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Karma is breaking up Ticketmaster: Consequences of the Taylor Swift ticket sale crisis

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DECEMBER 17, 2022

On Nov. 1, Taylor Swift announced her Eras Tour: a concert tour dedicated to all the different “eras” of her nearly two-decade-long musical career. Millions of fans around the world, myself included, were frantic. Swifties — as fans of Swift are known — predicted that there would be a mad rush to get tickets, especially since Swift’s popularity has skyrocketed since her previous tour in 2018.

But no one could have anticipated just how heated the fight for the Eras Tour tickets would become.

Over a month later, the ensuing controversy has resulted in a class action lawsuit, government investigations and calls to break up Ticketmaster, the largest ticket sales company in the world. 

Tickets for all 52 shows of the Eras Tour were only sold online through Ticketmaster. The first round of ticket sales on Nov. 15 was exclusively for members of Ticketmaster’s “Verified Fan” program and people who had Capital One credit cards. This was supposed to be an initial presale before ticket sales opened to the general public on Nov. 18. But things did not go as planned. 

The presale shattered expectations. The Ticketmaster website crashed within minutes of the sale opening up, leaving fans frustrated. Social media was flooded with stories of Swifties experiencing issues such as hours-long wait times and technical glitches. 

Perhaps more than anything, fans were disappointed about the unprecedented ticket prices, since Swift did not opt out of Ticketmaster’s “dynamic pricing” feature, which adjusts ticket prices based on demand. This is a decision many have since criticized — some fans could not afford tickets at all, some purchased them for values higher than expected and others “panic-purchased” expensive tickets in the “nosebleeds” out of desperation. The demand for tickets was extremely high — more than 3.5 million people registered for the “Verified Fan” program alone — and the process of purchasing a ticket was so difficult that when the presale ended, millions of Swifties were deeply annoyed with Ticketmaster.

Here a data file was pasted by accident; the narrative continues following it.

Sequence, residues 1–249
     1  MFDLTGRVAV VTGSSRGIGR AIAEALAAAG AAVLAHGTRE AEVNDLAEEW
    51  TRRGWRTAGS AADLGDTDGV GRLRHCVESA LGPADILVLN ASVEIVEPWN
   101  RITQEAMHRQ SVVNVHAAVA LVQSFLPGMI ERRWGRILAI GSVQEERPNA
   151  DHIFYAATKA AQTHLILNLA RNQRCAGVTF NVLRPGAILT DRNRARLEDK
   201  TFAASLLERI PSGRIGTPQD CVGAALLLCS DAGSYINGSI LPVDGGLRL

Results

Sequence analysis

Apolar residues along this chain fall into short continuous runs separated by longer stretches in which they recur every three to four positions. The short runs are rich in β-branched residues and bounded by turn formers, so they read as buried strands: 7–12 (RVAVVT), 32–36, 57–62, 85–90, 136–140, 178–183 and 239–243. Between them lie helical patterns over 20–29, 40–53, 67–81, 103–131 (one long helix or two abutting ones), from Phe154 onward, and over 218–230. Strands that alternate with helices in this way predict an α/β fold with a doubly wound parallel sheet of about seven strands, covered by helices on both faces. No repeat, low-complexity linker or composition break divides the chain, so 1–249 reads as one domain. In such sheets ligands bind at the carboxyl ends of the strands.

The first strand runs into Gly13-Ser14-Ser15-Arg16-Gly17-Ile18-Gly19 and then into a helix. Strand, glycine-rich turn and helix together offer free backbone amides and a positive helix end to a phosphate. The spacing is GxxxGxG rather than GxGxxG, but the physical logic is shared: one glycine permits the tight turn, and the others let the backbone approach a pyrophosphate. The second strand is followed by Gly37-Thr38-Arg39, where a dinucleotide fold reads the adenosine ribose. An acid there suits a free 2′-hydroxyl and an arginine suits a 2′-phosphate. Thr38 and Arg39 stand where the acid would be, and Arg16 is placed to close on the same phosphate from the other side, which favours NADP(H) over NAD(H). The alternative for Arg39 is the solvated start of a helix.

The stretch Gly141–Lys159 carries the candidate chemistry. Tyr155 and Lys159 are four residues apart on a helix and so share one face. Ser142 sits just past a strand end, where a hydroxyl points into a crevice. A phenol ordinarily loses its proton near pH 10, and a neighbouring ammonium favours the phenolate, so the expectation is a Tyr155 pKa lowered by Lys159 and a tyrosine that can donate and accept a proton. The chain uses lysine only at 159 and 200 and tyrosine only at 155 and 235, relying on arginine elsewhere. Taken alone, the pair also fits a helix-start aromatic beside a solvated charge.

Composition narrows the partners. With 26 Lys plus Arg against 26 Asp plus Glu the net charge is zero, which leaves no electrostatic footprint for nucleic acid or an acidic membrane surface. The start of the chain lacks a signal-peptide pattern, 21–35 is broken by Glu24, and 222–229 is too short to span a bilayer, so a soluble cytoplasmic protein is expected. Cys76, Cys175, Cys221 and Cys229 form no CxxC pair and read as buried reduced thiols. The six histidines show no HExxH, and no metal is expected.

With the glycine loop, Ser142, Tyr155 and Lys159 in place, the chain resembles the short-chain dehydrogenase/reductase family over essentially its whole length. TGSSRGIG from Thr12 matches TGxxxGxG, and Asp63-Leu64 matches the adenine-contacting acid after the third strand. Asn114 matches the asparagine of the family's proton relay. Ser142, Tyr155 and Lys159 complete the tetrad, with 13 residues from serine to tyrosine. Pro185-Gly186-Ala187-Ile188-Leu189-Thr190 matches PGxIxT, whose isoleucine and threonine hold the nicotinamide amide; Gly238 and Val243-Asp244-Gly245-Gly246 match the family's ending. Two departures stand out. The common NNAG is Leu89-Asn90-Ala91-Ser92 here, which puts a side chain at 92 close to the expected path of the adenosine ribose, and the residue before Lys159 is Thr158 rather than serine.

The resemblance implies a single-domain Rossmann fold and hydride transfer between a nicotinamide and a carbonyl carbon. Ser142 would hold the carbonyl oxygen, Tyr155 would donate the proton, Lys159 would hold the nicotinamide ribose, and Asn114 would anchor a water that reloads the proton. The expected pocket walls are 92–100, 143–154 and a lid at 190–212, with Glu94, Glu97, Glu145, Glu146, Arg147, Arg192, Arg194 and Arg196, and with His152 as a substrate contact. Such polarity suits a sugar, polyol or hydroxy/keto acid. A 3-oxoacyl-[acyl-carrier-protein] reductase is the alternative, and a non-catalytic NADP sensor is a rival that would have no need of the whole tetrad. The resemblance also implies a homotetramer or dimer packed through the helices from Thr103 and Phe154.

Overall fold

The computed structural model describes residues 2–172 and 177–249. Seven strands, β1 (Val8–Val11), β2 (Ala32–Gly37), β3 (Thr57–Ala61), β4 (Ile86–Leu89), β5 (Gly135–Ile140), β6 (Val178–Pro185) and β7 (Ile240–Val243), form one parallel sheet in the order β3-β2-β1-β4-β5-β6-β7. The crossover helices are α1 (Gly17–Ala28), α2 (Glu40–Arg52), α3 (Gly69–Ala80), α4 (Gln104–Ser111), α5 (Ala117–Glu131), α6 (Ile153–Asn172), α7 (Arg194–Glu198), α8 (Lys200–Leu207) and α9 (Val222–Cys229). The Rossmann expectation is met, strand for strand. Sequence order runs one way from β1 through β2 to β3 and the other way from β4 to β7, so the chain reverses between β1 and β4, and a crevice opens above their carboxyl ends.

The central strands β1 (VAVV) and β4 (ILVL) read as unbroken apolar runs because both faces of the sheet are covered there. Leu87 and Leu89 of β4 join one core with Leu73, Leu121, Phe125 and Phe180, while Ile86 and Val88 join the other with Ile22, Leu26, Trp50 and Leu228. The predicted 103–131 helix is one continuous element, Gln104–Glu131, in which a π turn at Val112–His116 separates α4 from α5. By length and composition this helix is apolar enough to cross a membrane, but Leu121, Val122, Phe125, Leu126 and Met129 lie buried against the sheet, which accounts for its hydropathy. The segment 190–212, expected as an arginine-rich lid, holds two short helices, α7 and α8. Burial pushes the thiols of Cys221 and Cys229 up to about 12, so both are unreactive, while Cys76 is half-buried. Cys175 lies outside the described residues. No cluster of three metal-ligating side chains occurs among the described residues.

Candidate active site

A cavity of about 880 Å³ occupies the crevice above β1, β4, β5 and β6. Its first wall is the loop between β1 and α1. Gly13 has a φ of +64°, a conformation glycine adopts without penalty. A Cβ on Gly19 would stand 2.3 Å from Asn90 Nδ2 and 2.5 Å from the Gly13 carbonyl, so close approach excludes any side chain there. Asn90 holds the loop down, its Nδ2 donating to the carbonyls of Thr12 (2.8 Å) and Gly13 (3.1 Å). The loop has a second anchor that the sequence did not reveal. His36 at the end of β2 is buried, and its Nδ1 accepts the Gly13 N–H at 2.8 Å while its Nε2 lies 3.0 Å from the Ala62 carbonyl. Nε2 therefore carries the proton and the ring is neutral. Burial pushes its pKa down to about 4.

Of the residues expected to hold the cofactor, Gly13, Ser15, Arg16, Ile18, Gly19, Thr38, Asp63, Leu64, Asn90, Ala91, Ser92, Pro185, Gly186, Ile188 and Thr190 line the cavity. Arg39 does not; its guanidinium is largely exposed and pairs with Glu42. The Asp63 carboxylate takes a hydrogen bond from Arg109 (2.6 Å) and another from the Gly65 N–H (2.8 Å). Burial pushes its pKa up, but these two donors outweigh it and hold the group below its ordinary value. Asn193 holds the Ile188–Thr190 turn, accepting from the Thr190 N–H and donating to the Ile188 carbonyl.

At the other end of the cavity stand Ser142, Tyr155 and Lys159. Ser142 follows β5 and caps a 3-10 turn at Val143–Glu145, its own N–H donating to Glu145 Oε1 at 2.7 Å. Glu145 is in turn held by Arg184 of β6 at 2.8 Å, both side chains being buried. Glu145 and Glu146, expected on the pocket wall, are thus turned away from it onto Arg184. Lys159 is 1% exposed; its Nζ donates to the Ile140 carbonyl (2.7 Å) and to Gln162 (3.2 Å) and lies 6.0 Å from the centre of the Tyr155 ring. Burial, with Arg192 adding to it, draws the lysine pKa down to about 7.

If you’ve tried to get tickets to see a mainstream artist live in recent years, you’ve probably had some frustrating experiences using Ticketmaster. The company has been criticized for having a monopoly over ticket sales in the United States. It’s pretty much impossible to avoid Ticketmaster when seeing a concert — thousands of diverse artists and music venues across the country must all rely on the same massive company to distribute their tickets. 

It’s pretty much impossible to avoid Ticketmaster when seeing a concert — thousands of diverse artists and music venues across the country must all rely on the same massive company to distribute their tickets. 

Ticketmaster sells over 500 million tickets worldwide each year, and eight out of every 10 ticket sales in the United States are through Ticketmaster. The company has faced widespread criticism in recent months for things like selling Bruce Springsteen tickets for upwards of $4,000 each and selling hundreds of fake tickets to Bad Bunny fans. This criticism against Ticketmaster has roots in a series of events that took place over a decade earlier. 

In 2010, Ticketmaster merged with event promoter Live Nation to create the nation’s leading live entertainment company. Critics argued that the merger would result in “less choice and higher prices” in the live entertainment industry, but the merger was approved anyway. After the merger, Live Nation would allegedly coerce venues into using Ticketmaster to distribute tickets and retaliate against venues that did not want to use Ticketmaster. 

Over the past few decades, the average price for a concert ticket has more than tripled. This is in large part because of the exorbitant hidden fees that Ticketmaster imposes onto its customers. The fees that are attached to each ticket can sometimes be more than 75% of the original ticket price. One fan paid more than $500 in fees for her and her friends’ tickets to one of Swift’s tour dates in Chicago. Ticketmaster has additionally been accused of not preventing tickets from being sold to bots, which are used to resell tickets on third-party websites for much higher than face value.